Note: Some of the sites we link to may limit the number of stories you can access without subscribing.


Closeup of a smiling man with gray hair wearing a button-up shirt and suit jacket.
A new report documents a coverup by high-ranking CBS officials and a Los Angeles Police Department captain regarding a sexual harassment allegation made against former CBS chief Leslie Moonves.
(Chris Pizzello / Invision / Associated Press)

CBS and an LAPD captain led a coverup of a sexual assault report against Les Moonves, the New York attorney general says. A report released Wednesday documents an elaborate coverup by high-ranking CBS officials and a Los Angeles Police Department captain regarding a sexual harassment allegation against the former CBS chief. According to the document, the coverup took place in 2017 and 2018 and involved the captain providing Moonves and CBS executives with updates on the LAPD investigation for months. Los Angeles Times

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The key to the Los Angeles mayoral race may not be downtown but in the Valley. Although neither Rick Caruso nor Karen Bass is a Valley native, they both have ties. Caruso’s first development was a mall in Encino while Bass was married to a Cal State Northridge alumnus. Whoever wins the race will likely have to capture the Valley, whose 1.46 million residents make up 38% of the city’s population. Los Angeles Times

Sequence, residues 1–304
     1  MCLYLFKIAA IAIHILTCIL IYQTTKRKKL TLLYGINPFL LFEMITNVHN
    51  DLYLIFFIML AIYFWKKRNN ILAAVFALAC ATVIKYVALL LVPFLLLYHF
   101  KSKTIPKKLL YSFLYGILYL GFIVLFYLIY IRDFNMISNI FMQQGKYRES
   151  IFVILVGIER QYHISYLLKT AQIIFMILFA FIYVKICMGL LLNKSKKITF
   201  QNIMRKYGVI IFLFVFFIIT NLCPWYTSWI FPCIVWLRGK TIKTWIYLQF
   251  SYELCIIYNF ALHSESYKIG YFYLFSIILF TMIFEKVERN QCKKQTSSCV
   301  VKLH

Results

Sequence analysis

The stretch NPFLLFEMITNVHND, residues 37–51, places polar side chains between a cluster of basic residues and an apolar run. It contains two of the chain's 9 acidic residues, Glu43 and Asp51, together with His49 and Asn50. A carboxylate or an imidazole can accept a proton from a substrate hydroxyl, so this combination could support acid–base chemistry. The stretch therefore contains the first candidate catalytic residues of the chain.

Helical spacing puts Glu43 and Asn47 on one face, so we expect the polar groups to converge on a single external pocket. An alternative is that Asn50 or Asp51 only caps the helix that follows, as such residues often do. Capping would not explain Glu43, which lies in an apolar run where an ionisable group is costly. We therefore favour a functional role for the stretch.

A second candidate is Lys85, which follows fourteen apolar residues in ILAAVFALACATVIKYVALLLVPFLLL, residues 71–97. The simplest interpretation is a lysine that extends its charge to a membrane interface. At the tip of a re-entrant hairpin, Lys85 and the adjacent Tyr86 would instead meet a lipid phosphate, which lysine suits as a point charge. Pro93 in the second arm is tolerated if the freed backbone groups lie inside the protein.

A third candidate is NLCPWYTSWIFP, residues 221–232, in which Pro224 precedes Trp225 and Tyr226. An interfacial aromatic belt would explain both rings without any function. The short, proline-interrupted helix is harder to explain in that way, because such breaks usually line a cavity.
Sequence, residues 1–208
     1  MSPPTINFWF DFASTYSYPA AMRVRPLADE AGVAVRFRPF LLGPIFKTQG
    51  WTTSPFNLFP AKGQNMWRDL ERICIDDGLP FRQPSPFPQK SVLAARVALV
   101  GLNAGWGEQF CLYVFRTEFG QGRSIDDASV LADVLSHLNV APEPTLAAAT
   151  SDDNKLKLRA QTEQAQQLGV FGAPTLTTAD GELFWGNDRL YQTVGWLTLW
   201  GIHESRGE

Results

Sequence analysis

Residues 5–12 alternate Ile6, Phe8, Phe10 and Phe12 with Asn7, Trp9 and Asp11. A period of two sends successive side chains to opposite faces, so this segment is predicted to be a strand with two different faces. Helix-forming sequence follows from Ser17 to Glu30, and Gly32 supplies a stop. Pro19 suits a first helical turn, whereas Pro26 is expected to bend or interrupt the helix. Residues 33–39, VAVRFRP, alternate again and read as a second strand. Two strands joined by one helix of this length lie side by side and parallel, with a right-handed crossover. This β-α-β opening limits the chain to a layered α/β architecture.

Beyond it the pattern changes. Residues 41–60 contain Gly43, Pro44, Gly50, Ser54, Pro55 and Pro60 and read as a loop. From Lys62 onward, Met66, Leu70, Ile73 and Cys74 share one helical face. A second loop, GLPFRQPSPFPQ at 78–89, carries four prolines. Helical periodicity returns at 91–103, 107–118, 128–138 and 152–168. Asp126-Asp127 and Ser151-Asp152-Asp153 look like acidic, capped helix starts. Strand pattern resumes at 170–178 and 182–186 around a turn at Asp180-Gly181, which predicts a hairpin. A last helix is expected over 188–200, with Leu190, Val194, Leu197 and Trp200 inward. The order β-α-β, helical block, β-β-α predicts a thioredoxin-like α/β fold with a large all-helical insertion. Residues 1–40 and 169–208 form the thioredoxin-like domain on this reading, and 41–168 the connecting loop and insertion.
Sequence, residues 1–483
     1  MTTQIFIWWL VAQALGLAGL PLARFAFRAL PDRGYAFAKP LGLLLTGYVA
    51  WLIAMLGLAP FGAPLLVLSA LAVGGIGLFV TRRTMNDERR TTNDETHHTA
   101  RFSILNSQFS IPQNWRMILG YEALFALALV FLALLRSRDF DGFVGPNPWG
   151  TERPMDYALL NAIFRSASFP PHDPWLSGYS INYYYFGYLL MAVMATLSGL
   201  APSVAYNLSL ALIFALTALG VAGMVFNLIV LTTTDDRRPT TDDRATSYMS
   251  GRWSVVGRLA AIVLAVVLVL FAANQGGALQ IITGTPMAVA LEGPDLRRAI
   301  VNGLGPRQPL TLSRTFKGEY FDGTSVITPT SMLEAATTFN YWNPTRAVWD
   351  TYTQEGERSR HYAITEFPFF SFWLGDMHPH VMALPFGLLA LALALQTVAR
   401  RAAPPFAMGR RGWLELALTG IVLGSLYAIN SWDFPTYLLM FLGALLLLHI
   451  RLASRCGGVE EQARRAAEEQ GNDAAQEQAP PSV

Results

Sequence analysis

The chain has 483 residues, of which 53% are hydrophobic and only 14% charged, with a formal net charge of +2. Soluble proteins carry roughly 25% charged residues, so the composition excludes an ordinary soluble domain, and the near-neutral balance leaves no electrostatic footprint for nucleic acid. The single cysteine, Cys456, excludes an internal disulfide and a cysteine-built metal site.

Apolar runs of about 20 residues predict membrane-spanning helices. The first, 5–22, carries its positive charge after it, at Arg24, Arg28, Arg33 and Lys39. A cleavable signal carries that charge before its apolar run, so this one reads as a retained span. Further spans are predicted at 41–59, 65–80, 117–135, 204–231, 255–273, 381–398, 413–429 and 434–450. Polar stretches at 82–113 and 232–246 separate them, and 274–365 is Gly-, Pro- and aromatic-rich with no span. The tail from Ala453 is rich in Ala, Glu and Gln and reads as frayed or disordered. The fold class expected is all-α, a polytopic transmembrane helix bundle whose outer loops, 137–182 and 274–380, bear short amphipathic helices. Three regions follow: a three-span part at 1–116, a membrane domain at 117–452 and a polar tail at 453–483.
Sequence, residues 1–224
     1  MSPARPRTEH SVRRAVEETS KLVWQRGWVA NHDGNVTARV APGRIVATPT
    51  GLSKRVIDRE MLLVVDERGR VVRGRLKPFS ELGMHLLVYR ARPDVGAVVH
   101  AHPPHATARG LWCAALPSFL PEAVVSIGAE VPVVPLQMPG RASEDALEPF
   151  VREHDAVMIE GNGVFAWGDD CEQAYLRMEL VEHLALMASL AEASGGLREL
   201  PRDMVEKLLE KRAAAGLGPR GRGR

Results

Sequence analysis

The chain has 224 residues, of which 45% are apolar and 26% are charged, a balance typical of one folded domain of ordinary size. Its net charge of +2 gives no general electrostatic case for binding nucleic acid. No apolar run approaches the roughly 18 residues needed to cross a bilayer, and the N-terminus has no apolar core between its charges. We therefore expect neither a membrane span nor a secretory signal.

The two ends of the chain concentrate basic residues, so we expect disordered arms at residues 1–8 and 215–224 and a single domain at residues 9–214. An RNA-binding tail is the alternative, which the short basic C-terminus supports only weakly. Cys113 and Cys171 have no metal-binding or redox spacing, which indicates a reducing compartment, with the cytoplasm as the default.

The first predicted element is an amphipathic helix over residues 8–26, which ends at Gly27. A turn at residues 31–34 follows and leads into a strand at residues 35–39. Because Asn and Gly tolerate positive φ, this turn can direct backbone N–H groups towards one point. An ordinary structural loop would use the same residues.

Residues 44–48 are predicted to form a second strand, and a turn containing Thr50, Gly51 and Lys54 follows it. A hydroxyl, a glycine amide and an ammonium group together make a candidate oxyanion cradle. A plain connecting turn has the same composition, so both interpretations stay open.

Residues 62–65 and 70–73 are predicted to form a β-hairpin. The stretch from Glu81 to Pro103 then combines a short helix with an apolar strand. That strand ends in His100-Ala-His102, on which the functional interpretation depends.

Security cameras for the Pelosi home weren’t being “actively monitored,” the Capitol Police admit. When Nancy Pelosi is home, the government agency says her San Francisco home is monitored “around the clock.” That wasn’t the case Friday, when a home invader attacked her husband. The security vulnerability has raised questions. Los Angeles Times

President Biden will stump for Democratic Rep. Mark Levin on Thursday at Oceanside’s MiraCosta College. Levin is in a tough battle with Republican Brian Maryott for California’s 49th District, which includes coastal communities in north San Diego and south Orange counties. Biden is looking to shore up support for Democrats in the area, including Rep. Katie Porter. Orange County Register


A judge has ruled the civil corruption trial against Santa Clara County’s sheriff will continue. Laurie Smith had abruptly resigned Monday and asked the court to dismiss the case because she could no longer be removed from office. The longtime San Jose-area sheriff is accused in a bribery scheme that allegedly traded concealed-carry permits for political donations. The judge said: “Why would this case allow the defendant to just, on her own, stop a case from going forward because she has resigned? She was not removed.” San Jose Mercury News

A record amount of drugs was seized in Madera County. The county sheriff announced Wednesday that Operation Trifecta was very successful. The drug seizure was the largest in county history as 1,300 pounds of methamphetamine, 4 kilos of heroin and 2 kilos of fentanyl were captured. Nearly 30 arrests were made over a three-week period, with the operation ending Oct. 26. Labs were also discovered in Fresno and Madera counties. Fresno Bee